The Best Chef Knife
The best chef knife can’t be defined by a single set of features. It’s all about hand-feel: The knife should comfortably tackle a variety of tasks, functioning as an extension of your forearm. We talked to two chefs, a cooking instructor, and a knife expert, then chopped, diced, and peeled with 11 best-selling chef knives to see which stood out.
Most Popular: MAC MTH-80 Professional Series 8-Inch Chef Knife with Dimples
- The “mighty MAC” was the clear favorite of our testing team — and widely praised by the experts we spoke with. It’s maneuverable enough to chop mint leaves, slice carrots, and peel butternut squash, offering clean cuts without requiring perfect form. It feels comfortable for both large and small hands, and its medium-weight balance means it’s neither too light nor too heavy (we’ll go ahead and call it the Goldilocks of knives). A half-bolster helps you maintain a professional grip, and dimples prevent food from sticking to the sides of the knife as you chop. Retails at $175.
Best for Experienced Cooks: Shun Classic 8
- The Shun has a weight and heft similar to the MAC and is versatile enough to handle a range of dicing, slicing and chopping — but only if you treat it right. The knife is covered in an outer layer of Damascus steel, which provides a gorgeous appearance but makes the knife edge more likely to chip if you don’t use proper chopping technique. Like the Mac, the Shun is a half-bolster knife, helping you maintain a professional grip without the added weight of a full bolster. Several of our novice cooks had trouble holding the Shun comfortably, but testers who were already experienced in the kitchen loved its elegant performance. The Shun is slightly more expensive than the MAC, retailing at $182, and a good pick for those who’ve mastered the basics.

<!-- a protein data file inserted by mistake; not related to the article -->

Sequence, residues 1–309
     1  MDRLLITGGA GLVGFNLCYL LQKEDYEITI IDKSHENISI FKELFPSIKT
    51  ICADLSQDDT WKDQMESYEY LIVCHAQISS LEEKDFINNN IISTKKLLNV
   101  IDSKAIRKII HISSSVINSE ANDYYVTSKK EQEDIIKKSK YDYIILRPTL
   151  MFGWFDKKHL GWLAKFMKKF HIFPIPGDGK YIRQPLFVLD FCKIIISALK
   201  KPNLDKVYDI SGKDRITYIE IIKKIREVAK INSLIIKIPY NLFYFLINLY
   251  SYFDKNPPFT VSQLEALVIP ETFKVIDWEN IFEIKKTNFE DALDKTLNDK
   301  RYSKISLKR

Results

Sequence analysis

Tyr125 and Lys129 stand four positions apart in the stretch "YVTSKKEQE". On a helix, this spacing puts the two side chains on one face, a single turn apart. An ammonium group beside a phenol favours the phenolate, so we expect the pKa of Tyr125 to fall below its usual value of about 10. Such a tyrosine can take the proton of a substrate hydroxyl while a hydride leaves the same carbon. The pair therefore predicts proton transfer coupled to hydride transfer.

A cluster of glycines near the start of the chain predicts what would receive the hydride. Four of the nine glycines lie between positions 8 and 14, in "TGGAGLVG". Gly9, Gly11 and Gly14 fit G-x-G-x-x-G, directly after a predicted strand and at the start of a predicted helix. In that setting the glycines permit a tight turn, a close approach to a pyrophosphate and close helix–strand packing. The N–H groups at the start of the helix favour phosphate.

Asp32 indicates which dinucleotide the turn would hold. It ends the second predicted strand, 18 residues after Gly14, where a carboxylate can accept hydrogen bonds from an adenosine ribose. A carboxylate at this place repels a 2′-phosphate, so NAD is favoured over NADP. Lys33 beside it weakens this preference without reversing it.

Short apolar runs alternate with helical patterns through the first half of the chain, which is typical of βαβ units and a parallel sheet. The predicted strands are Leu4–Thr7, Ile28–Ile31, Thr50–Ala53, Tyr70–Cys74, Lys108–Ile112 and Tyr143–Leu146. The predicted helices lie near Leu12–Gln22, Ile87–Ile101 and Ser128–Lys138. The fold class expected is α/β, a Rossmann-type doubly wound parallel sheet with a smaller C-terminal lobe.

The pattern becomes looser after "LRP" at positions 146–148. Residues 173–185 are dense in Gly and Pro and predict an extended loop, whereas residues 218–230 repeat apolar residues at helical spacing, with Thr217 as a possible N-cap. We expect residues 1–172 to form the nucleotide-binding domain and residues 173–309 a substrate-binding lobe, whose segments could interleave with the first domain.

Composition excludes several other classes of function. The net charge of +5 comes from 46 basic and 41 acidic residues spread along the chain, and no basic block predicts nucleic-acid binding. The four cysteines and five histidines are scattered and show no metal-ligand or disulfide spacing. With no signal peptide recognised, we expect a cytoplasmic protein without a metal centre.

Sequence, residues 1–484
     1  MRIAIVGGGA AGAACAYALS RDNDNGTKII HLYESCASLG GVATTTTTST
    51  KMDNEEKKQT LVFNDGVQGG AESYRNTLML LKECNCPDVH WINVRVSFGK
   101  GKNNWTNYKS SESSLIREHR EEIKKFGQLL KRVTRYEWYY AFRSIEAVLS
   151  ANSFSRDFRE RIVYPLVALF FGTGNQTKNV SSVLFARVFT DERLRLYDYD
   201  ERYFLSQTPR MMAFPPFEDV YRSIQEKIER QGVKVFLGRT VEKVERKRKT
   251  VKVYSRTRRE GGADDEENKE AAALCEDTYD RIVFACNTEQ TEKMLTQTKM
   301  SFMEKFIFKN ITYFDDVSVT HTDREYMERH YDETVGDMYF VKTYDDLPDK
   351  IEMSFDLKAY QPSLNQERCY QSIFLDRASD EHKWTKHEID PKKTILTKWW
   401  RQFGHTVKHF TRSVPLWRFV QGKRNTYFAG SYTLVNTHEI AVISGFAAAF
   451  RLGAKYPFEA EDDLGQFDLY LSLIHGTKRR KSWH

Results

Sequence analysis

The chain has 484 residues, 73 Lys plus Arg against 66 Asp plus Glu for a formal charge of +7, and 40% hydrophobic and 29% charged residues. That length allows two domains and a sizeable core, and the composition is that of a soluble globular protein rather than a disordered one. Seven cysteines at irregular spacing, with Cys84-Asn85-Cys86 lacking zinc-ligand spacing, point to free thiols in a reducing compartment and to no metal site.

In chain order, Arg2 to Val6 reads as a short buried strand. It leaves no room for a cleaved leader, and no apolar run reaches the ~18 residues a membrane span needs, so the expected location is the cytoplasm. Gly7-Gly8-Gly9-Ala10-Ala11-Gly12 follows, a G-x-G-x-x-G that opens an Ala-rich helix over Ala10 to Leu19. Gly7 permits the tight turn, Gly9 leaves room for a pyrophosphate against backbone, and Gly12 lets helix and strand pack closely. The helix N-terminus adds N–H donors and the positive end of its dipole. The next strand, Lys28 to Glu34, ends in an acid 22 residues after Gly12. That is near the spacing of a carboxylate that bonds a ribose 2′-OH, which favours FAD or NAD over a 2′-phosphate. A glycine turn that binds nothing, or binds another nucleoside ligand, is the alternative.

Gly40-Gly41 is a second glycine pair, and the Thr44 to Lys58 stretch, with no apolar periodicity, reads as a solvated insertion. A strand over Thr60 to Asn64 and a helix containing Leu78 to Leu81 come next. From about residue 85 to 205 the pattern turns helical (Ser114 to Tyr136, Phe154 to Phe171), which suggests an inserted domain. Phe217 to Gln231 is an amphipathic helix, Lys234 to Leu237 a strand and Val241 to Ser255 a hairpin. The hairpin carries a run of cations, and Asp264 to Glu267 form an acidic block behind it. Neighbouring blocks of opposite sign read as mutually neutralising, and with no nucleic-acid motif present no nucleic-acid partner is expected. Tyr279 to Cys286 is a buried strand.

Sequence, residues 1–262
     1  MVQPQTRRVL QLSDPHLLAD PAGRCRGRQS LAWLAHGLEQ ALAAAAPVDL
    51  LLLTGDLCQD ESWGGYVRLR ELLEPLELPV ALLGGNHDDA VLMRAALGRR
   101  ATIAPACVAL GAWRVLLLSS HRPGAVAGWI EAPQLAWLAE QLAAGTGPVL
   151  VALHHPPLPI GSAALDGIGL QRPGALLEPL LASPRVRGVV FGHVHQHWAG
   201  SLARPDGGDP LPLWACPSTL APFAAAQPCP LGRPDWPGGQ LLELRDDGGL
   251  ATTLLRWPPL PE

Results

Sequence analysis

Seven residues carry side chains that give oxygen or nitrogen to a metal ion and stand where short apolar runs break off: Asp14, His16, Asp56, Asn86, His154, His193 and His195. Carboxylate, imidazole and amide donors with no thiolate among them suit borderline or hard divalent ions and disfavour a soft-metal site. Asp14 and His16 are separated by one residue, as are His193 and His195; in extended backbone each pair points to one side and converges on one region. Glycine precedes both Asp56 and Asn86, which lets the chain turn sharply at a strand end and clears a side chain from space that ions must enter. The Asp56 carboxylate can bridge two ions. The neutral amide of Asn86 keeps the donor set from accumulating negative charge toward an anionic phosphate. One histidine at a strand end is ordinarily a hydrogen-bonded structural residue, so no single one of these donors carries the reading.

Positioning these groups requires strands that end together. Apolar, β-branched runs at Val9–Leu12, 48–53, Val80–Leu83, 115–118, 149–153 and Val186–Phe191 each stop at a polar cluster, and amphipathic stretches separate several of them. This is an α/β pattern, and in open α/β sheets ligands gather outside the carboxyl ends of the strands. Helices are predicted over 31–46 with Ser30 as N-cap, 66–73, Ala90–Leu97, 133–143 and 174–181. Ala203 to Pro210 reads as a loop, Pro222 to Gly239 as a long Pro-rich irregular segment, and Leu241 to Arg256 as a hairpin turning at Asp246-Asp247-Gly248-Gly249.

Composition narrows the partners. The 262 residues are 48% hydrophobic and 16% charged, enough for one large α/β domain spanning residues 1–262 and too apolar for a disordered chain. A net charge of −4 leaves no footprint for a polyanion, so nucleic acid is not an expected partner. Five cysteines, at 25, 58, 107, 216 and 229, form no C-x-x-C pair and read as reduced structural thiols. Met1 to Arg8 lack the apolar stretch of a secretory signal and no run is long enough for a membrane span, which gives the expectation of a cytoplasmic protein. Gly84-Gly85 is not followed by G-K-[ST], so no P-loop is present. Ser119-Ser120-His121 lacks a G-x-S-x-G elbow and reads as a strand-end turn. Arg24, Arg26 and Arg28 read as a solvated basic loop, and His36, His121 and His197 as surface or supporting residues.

Best Starter Knife: Victorinox Fibrox 8-Inch Chef's Knife
- If you want a quality knife but don’t have a lot of money to invest, the Victorinox is our pick, retailing for around $45. While half an ounce lighter than both the MAC and the Shun, the Victorinox is large — wide blade, wide no-slip plastic handle — and designed to take on big jobs. (Think large cuts of beef, not chicken tenders.) Our testers found it comfortable and easy to use even when chopping herbs, but noticeably bulky compared to the Shun and MAC. The Victorinox’s price point also means the blade might not hold an edge as long as a more high-end knife. If you’re just beginning to explore the world of fancy kitchen equipment, consider it a test run: try it for a few months, and if you find yourself using it all the time, think about upgrading to the MAC or the Shun.
Chef knives are versatile, but you’ll still need a few specialty knives. Don’t forget to keep your chef knife properly sharpened! Also, Honing and sharpening are not the same. Lastly, avoid the dishwasher at all costs.
For the full guide to chef knives — check out: http://www.reviews.com/chef-knife/ Article Courtesy of Reviews.com